The Philippines was not blessed with oil fields like the Middle East or some of our neighbors in the region. Our only income generating export are OFWs and even that is beginning to shrink due to competition and technology. President Marcos Jr. has confirmed our over dependence on importation while the Department of Finance has no choice but to borrow in the billions in order to fund the supersized bureaucracy that is the Philippine government.

Despite its many imperfections, mining in the Philippines does offer us options in terms of high value exports, job generation, a revenue source for the national and local governments as well as a source of foreign currency to counterbalance our international debts.

But in front of all this the emphasis of MVP’s speech was on responsible mining, where all stakeholders do their part with a spirit of cooperation.

“I’d be first to admit that our industry has to level up when it comes to sustainability practices and standards. But the mistakes of a few should not lead to the notion that the whole is wrong. An industry should not be judged based on its worst members.”

As was expected of a keynote speaker, MVP essentially set the course of action that the conference participants and industry players could undertake to improve the state of mining in the Philippines.

“First, address health-related and safety concerns, the exploitation of women and child workers. The lack of clarity of plans and actionable post-mining rehabilitation, which can restore mine sites to their original natural state.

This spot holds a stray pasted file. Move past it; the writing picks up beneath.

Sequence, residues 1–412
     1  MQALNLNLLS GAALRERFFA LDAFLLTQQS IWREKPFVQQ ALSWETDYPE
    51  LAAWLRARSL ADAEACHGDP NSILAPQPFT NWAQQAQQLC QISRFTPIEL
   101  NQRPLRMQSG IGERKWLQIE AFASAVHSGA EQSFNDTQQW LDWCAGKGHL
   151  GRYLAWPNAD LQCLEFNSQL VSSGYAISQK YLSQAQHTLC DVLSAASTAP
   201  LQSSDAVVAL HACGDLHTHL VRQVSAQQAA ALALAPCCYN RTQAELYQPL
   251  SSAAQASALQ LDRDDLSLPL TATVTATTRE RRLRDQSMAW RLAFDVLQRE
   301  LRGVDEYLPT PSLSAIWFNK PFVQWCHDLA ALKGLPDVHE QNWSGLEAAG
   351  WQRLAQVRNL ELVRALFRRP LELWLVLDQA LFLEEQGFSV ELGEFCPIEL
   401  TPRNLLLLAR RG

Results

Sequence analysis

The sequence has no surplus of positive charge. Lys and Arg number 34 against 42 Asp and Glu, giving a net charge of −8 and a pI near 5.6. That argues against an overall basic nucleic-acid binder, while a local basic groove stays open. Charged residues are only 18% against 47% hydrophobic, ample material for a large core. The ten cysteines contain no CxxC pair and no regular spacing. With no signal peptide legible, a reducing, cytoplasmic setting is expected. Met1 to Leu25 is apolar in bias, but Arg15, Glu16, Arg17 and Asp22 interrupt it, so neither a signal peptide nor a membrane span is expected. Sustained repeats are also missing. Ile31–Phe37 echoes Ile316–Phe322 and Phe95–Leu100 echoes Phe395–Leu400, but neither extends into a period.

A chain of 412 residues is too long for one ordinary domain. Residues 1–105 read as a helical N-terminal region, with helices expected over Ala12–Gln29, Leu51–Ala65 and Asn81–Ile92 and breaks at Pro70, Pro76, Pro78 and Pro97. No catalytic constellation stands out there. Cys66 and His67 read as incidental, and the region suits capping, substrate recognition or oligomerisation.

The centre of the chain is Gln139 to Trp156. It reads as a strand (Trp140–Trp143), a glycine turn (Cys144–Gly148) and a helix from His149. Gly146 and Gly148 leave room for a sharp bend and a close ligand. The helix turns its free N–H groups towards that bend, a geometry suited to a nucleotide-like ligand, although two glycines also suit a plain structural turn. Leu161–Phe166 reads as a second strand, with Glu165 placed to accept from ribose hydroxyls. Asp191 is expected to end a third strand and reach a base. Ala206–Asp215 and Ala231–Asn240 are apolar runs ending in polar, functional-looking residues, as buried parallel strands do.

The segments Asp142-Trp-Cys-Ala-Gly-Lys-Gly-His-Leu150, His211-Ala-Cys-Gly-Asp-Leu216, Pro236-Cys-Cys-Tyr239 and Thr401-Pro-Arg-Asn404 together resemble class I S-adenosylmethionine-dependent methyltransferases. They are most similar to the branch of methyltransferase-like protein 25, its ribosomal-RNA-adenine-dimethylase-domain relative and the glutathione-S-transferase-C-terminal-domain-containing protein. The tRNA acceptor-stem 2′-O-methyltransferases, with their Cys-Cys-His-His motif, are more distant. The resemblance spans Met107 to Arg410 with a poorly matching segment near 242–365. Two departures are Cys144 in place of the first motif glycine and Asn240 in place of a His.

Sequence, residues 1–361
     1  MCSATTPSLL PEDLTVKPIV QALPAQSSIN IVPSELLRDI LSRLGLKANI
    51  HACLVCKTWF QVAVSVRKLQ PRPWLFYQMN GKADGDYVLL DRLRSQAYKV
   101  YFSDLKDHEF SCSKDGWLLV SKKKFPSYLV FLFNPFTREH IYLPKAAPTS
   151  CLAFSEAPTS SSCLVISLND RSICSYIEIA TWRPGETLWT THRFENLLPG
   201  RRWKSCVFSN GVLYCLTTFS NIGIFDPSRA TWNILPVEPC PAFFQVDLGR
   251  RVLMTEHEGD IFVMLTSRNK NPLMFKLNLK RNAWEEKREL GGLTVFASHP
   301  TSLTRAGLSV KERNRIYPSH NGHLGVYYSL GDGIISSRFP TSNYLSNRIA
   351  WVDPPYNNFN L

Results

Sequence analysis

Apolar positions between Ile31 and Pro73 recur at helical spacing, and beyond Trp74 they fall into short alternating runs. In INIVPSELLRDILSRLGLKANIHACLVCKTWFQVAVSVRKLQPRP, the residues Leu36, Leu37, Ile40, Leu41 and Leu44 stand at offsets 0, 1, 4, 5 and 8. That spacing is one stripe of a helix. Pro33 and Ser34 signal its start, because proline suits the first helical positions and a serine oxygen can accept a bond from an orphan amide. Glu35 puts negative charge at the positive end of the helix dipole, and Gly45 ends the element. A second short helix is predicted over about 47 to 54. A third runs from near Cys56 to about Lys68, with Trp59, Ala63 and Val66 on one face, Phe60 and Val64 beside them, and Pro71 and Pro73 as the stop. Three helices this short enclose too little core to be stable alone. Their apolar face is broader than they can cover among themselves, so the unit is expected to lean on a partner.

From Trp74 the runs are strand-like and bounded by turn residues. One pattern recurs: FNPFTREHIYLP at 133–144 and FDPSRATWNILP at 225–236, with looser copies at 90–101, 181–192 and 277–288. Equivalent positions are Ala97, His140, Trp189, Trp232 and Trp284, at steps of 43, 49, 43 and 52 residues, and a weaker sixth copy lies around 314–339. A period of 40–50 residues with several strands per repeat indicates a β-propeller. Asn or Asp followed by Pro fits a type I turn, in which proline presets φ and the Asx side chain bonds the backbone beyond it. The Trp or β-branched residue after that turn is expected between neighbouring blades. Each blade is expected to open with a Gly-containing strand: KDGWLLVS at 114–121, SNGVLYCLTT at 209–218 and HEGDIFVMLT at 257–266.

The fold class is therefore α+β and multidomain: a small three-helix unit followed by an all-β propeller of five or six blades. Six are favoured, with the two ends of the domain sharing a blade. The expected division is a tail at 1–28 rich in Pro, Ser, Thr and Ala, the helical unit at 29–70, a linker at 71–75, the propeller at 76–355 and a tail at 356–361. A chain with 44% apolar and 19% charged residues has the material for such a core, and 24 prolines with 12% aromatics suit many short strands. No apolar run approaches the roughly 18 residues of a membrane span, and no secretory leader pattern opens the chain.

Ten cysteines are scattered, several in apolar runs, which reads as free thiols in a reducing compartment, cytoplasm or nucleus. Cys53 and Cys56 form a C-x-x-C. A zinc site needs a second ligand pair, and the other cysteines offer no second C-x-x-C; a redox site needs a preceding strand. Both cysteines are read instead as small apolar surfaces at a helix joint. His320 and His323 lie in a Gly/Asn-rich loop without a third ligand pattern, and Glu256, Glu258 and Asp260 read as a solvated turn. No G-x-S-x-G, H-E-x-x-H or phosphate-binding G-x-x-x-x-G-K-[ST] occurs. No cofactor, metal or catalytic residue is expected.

“Second, the private sector should help government raise its supervisory capabilities through funding of scholarships and training here and abroad, procurement of equipment and hiring of requisite personnel.

“Third, separating the functions of regulation and the promotion of the mining industry. The Mining and Geosciences Bureau is charged with the promotion, development and supervision of mining. The Environmental Management Bureau’s mandate is to enforce environmental laws on mining. Both fall under the supervision of the DENR.

“These apparently conflicting goals can at times place the DENR in a policy dilemma. Our suggestion is to spin off the EMB into a separate and independent body, similar to the Environmental Protection Agency in the US.

“Fourth, PHILEX is open to a profit-based fiscal regime as proposed by House Bill No. 8937 providing for a Royalty Rate against margins realized by mining companies, as well as a windfall profits tax.

“Finally, the mining benefits between host LGUs and the national government should be shared more equitably. The national government must ensure the timely remittance of taxes due to LGUs. After all, mining is location specific and LGUs naturally desire to realize the fruits of the resources situated in their communities.”

Given how President Bongbong Marcos has expressed support for the development of mining in the Philippines, perhaps it would be best for all concerned to also invest time, money, resources and expertise in developing the “handbook” for Philippine mining so we can stop asking: “Why can’t we?”

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E-mail: [email protected]